There is an imminent need to make better use of existing aviation infrastructure as air traffic is predicted to increase 1.5 times by 2035. Many airports operate at near maximum capacity, and inefficient operations lead to delays, congestion, and increased fuel costs and noise levels inconveniencing all stakeholders, including airports, airlines, passengers and local residents.

A critical issue is routing and scheduling the ground movements of aircraft. Although ground movement is only a small fraction of the overall flight, the inefficient operation of aircraft engines at taxiing speed can account for a significant fuel burn. This applies particularly at larger airports, where ground manoeuvres are more complex, but also for short-haul operations, where taxiing represents a larger fraction of an overall flight. It is estimated that fuel burnt during taxiing alone represents up to 6% of fuel consumption for short-haul flights resulting in 5m tonnes of fuel burnt per year globally. TRANSIT aims to investigate a decision support system which considers multiple factors to provide more robust taxiing routes. It represents a collaboration across a broad range of disciplines and fields (Engineering, Operational Research, and Computer Science) needed to tackle such challenging problem. Cooperation with leading industrial stakeholders, and consultation with established academics, ensure that the work is cutting edge while reflecting needs of the industrial partners.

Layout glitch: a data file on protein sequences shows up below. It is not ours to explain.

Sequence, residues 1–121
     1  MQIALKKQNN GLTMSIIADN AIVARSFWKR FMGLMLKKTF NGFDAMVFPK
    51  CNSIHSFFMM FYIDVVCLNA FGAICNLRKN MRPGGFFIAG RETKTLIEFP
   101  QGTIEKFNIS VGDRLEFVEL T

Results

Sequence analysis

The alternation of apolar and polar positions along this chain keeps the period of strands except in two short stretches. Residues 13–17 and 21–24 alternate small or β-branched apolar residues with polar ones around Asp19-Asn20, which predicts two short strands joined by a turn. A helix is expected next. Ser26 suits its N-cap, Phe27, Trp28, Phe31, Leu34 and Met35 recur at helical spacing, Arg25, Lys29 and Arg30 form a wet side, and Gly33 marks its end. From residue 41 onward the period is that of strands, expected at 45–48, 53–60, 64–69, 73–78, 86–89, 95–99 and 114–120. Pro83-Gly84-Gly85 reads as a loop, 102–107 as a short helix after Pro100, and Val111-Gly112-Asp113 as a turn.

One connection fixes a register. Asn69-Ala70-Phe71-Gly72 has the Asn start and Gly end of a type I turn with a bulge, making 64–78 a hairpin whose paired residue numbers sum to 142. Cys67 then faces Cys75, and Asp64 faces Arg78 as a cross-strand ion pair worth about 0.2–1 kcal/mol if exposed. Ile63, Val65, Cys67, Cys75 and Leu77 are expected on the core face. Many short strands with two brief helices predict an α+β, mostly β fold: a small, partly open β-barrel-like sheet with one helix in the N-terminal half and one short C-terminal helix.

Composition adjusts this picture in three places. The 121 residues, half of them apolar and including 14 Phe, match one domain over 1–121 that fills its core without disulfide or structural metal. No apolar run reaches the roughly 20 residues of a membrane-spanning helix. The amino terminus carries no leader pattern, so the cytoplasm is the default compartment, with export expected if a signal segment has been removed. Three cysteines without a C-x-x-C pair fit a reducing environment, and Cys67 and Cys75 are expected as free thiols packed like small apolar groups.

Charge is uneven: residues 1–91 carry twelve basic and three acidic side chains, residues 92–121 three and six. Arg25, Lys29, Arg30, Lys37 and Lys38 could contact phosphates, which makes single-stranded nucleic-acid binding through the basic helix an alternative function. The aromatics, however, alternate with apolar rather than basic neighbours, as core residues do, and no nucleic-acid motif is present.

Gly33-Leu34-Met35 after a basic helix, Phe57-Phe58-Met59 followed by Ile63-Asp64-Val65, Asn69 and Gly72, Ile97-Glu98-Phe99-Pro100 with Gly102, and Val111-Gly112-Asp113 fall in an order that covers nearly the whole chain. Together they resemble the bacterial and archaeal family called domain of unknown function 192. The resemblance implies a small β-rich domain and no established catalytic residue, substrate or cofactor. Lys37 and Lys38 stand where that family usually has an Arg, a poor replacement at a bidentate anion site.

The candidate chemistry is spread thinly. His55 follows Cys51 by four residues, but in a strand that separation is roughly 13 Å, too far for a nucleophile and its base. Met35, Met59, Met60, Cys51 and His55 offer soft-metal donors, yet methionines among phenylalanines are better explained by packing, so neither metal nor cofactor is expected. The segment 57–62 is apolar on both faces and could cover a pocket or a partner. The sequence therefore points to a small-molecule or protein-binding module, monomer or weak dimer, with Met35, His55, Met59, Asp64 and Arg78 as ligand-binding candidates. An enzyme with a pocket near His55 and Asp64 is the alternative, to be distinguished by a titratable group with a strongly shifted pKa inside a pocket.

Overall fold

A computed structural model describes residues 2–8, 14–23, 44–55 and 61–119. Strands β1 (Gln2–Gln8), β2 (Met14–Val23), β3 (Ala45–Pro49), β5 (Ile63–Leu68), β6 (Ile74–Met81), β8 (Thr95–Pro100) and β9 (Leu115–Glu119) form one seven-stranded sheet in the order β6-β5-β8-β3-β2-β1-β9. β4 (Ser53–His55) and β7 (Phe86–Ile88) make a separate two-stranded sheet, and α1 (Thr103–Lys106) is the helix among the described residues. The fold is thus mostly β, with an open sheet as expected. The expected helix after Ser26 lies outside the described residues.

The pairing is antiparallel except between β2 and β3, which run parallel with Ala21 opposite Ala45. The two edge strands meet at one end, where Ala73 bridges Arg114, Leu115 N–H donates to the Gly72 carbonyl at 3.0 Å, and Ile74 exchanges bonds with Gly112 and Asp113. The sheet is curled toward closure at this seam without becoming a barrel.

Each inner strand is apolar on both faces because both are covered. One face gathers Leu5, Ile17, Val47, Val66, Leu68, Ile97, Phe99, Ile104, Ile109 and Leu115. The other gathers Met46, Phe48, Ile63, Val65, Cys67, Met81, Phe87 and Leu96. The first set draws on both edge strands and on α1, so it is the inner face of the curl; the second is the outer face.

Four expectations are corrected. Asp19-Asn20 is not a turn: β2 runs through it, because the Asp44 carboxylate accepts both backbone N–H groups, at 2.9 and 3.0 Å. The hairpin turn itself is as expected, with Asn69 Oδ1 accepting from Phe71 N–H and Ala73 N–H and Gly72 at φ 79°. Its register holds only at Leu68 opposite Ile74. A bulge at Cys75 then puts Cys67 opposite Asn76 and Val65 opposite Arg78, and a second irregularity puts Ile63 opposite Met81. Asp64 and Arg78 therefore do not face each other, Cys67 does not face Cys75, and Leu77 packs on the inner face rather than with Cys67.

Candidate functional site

The overall programme of work planned for the three years of TRANSIT is given below.



WP1: Computational Modelling Of Factors Internal To Aircraft.
WP2: Computational Modelling Of Factors External To Aircraft.
WP3: Development Of Full-4DT Generation Techniques.
WP4: Automatic Design Of Routing And Scheduling Algorithms For Reconfigurability.
WP5: Flight Deck Simulator, Piloted Trials And Evaluations.